Research Technician/Lab Manager
Brendan Kelly received a B.S. in Biology from Villanova University in 2015. At Villanova he was a member of the Global Change Ecology lab where he focused on carbon mineralization and greenhouse gas fluxes in coastal wetlands. During his undergrad he participated in an REU at the Smithsonian Environmental Research Center in their biogeochemistry lab, and he would later perform his graduate field work at the Smithsonian’s Global Change Research Wetland. The focus of his upcoming thesis is oxygen sensitivity of coastal wetland carbon mineralization in response to invasive Phragmites australis. After finishing classes, he began working as a research associate at the Louisiana Universities Marine Consortium in the Wetland Biogeochemistry and Ecosystem Ecology lab where he had the opportunity to continue research of the coastal wetlands he loves, as well as participate in extended cruises aboard the RVPelican studying dissolved organic carbon dynamics and its relation to ocean acidification in the Gulf of Mexico.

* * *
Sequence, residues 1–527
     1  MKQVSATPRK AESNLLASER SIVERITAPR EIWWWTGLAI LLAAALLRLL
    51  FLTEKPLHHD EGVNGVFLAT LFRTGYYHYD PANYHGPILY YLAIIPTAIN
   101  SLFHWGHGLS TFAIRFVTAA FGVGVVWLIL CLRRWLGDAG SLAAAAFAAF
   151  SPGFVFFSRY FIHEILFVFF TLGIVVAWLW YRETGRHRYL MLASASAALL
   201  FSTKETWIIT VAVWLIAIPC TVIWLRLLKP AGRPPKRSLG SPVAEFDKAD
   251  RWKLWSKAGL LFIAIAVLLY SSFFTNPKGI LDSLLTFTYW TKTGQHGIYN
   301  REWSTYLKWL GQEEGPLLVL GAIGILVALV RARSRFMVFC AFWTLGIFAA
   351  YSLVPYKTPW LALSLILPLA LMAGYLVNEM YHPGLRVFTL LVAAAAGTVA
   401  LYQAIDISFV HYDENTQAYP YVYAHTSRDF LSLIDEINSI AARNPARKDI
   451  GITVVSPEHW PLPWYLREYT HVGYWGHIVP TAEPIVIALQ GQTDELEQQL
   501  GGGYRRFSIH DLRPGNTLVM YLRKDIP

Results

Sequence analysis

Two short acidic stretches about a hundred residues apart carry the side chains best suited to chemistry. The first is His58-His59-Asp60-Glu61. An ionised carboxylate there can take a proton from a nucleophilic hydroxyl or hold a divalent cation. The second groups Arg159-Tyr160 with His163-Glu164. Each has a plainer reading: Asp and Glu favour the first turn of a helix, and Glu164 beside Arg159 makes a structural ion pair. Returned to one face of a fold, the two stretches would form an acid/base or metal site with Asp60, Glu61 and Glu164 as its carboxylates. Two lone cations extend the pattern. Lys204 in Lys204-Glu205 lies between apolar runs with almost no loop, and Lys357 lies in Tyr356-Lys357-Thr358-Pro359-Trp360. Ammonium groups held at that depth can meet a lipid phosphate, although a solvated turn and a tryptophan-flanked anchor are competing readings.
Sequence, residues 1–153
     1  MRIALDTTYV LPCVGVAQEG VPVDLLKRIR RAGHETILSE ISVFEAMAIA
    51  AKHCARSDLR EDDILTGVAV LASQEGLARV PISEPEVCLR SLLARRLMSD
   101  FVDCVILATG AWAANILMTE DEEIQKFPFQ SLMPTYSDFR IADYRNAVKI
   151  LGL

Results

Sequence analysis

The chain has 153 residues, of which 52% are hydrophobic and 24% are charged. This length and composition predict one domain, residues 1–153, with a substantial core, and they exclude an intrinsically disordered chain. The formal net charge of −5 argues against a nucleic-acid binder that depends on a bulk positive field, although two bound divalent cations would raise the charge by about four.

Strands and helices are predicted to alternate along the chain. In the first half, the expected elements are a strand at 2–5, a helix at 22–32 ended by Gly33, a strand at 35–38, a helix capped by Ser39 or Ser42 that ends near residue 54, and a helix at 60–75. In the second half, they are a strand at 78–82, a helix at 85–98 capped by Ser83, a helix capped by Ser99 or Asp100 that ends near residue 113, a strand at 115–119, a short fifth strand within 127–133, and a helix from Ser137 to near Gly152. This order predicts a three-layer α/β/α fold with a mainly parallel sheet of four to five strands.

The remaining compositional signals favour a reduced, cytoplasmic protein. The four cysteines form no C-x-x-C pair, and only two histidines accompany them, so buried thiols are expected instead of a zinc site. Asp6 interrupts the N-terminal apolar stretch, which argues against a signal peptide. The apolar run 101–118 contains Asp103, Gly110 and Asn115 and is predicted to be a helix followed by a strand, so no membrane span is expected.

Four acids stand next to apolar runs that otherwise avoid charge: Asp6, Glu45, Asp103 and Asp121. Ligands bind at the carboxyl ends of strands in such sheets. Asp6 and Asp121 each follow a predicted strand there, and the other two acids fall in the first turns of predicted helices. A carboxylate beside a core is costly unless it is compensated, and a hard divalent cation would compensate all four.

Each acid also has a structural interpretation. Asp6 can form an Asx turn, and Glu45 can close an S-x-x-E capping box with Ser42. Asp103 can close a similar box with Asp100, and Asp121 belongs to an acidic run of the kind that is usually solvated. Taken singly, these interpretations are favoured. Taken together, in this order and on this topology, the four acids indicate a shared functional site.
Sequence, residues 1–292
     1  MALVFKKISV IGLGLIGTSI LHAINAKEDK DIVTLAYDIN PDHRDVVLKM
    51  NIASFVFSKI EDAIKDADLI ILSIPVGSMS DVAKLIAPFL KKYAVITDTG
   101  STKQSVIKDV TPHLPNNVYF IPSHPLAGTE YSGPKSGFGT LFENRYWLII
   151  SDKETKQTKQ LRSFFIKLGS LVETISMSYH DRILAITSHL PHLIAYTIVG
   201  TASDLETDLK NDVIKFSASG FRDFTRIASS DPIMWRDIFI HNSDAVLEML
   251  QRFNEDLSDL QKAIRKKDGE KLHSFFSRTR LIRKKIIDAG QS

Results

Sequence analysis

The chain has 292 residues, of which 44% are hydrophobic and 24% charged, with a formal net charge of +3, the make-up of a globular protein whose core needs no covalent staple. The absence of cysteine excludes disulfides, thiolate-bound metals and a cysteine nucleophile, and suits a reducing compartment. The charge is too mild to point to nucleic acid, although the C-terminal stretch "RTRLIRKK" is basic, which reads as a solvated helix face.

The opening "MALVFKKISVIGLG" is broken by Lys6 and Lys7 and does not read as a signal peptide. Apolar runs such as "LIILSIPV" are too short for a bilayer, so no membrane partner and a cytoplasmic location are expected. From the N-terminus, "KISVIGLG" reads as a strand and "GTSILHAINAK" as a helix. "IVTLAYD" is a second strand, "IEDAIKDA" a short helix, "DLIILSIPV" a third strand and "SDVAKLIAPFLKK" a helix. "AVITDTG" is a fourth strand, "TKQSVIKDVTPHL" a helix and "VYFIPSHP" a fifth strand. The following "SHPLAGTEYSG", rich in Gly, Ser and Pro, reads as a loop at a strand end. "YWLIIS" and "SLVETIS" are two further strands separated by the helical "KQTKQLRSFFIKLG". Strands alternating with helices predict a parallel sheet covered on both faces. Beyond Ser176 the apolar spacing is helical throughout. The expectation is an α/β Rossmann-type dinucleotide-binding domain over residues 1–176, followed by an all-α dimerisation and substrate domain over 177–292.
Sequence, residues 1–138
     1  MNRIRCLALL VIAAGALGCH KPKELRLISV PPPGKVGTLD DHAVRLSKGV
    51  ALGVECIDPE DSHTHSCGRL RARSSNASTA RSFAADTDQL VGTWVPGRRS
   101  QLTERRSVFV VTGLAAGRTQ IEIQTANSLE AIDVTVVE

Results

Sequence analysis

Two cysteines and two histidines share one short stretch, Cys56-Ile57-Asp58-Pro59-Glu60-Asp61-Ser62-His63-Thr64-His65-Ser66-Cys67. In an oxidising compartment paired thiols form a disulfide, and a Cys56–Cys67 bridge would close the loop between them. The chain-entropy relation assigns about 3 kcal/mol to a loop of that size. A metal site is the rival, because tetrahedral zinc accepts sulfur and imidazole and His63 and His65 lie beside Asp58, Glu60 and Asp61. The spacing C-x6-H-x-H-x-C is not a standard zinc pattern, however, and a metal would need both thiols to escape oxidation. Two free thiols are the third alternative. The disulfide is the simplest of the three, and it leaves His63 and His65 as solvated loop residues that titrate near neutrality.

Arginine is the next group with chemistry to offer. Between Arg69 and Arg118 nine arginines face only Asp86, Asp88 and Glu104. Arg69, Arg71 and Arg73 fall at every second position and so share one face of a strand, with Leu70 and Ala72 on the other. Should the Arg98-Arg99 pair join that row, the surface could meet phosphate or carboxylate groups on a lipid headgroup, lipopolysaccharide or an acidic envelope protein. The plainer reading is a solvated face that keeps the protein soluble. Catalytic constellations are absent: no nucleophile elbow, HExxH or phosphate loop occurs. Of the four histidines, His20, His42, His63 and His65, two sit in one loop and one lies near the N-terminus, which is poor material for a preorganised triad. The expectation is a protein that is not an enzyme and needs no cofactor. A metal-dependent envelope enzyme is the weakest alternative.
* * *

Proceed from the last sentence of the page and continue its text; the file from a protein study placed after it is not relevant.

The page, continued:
Dr. John Angell graduated cum laude with a B.S. in Biology from the University of Massachusetts – Amherst in 2006 and received his Ph.D. from the University of Massachusetts – Boston in 2016. Prior to his graduate work, he worked as a field/lab technician in the Sala Lab at Brown University. As a microbial ecologist, John’s research focuses on using molecular tools to understand the factors that control the community structure and function of microbes in the environment with a particular emphasis on microbes involved in the nitrogen cycle. John’s dissertation research, under the direction of Dr. Jennifer Bowen, investigated the role abiotic conditions play in structuring microbial communities in salt marsh sediments at very fine spatial scales. While at UMass Boston, he received a Sanofi-Genzyme Research Fellowship in 2014 and several graduate teaching awards. John is currently a Postdoctoral Faculty Fellow at Boston University where he teaches in the Biology department and conducts research in the Fulweiler lab. John is currently exploring the biological underpinnings of the geochemical transformations measured in salt marshes and estuaries of New England.